Not to mention that Schooling’s journey to the Olympics was mainly funded by his parents, who have spent more than a million to nurture him to be the athlete he is today.
Schooling’s uncle, who goes by Max Le Blond on Facebook, has known him since he was a toddler and recalled Schooling left to the United States (US) when he was in Secondary 1 or 2.
He pointed out that his nephew’s travel, school fees, and accommodation were all paid for by his parents, not the state. The school, he noted, was an expensive one that combined “academics and sporting excellence in swimming”.
Beyond that, Schooling’s parents also footed the bill for specialist coaches, trips to various competitions, and more, according to his uncle.
Mr Le Blond explained, “Because of the taxation regime in the US, his parents had to give up their normal lives so that one of them at a time could be with him when needed in his early years in the US.”
“Those very expensive necessities were not paid for by ‘state money’ but by his parents,” he added, noting the sacrifices the young athlete’s parents made, both in business and financially, as there was little to no state money “for many many years”.
It was when young Schooling started to make his presence felt at US swimming circuits, receiving a scholarship from the University of Texas, and beating other great US swimmers that the Singapore state began to notice him, Mr Le Blond explained.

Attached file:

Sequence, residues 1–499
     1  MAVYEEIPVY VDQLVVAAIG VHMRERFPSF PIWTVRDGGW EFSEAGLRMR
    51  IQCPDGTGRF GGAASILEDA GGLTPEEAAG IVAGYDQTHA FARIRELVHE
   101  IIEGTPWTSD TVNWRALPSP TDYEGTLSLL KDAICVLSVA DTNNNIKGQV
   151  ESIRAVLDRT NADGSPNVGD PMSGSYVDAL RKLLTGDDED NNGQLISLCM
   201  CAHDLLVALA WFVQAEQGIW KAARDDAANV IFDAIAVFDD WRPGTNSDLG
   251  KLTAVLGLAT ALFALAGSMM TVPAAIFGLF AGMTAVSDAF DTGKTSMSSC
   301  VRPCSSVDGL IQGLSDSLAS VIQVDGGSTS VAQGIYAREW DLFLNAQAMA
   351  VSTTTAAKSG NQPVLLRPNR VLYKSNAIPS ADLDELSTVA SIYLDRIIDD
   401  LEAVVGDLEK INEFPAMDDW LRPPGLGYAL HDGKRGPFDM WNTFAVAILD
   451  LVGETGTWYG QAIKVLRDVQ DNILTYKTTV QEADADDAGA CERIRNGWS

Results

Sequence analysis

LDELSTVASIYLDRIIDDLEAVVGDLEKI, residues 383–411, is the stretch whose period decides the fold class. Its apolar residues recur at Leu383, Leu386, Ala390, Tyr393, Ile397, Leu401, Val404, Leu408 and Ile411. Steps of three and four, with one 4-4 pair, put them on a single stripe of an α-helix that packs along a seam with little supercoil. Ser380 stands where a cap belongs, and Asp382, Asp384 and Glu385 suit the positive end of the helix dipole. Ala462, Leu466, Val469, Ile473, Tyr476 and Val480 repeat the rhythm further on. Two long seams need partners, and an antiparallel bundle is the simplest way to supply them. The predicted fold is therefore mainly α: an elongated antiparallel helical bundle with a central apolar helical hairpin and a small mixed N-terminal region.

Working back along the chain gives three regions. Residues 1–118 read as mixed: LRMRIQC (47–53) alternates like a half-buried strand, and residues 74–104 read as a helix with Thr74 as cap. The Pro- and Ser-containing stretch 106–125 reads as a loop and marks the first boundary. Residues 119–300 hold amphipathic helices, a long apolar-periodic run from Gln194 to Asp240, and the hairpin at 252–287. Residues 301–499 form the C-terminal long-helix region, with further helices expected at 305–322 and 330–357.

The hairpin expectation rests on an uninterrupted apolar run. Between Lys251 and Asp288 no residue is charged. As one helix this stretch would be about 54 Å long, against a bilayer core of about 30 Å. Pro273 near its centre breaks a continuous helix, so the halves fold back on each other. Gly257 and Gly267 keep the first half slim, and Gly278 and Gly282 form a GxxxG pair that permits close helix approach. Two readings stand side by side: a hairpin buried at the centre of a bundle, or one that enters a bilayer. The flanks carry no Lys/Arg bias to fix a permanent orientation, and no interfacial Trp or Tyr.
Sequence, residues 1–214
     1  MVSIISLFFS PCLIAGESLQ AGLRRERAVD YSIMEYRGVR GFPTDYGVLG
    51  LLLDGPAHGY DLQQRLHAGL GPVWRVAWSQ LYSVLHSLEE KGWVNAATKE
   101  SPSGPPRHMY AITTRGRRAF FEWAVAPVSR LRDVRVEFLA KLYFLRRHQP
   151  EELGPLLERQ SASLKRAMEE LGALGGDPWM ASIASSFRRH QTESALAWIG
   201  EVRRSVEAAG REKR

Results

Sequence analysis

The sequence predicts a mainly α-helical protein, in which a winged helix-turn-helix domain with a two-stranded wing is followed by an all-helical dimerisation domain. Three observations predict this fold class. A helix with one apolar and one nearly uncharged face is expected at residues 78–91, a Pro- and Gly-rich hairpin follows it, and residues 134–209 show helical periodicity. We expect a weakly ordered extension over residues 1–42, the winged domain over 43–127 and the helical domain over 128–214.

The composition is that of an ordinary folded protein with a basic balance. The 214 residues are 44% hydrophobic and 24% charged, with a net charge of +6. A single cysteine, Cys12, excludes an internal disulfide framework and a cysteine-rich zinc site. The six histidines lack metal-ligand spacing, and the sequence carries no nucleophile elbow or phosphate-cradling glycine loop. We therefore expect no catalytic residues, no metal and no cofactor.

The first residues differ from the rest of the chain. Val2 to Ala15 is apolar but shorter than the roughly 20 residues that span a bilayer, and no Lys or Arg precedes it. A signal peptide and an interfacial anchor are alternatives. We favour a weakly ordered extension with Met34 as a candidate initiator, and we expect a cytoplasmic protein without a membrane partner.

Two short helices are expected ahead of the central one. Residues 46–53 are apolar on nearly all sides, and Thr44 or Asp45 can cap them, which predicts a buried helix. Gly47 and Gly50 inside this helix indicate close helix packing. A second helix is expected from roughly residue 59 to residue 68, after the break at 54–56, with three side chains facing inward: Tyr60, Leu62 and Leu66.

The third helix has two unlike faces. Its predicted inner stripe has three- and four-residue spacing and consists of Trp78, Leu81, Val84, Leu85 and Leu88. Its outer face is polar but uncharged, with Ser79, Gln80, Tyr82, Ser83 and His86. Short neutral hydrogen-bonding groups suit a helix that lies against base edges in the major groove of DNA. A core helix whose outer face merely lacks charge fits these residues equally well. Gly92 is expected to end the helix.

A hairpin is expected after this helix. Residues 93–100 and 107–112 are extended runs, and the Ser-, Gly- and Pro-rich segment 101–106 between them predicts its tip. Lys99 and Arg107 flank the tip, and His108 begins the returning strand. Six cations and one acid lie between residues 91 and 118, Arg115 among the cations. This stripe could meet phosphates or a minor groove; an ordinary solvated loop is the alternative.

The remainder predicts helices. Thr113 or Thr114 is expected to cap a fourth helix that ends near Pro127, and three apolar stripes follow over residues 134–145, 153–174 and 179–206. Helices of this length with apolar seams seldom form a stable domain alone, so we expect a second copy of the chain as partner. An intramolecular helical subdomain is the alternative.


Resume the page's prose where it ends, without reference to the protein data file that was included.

When Schooling started to make headway at the international level, the “Ebenezer Scrooge-like grip on the ‘state moneybag’ started to loosen just a little”, he added.
In fact, it is noteworthy that back in 2017, Schooling’s mother, May Yin, had already dismissed the possibility of the Government fully funding her son’s education and training.
In an interview with The Straits Times executive editor Sumiko Tan at the time, May said:
“I was told, ‘Why you so stupid? If Singapore wants your son to swim for them, they should pay.’ I said, ‘Tan ku ku‘ (a Hokkien phrase for “it won’t happen”).
“That’s why I keep telling everybody, if you feel your son or daughter has it, it’s up to you whether you want to support them. If you’re going to wait for people, don’t do it, okay?”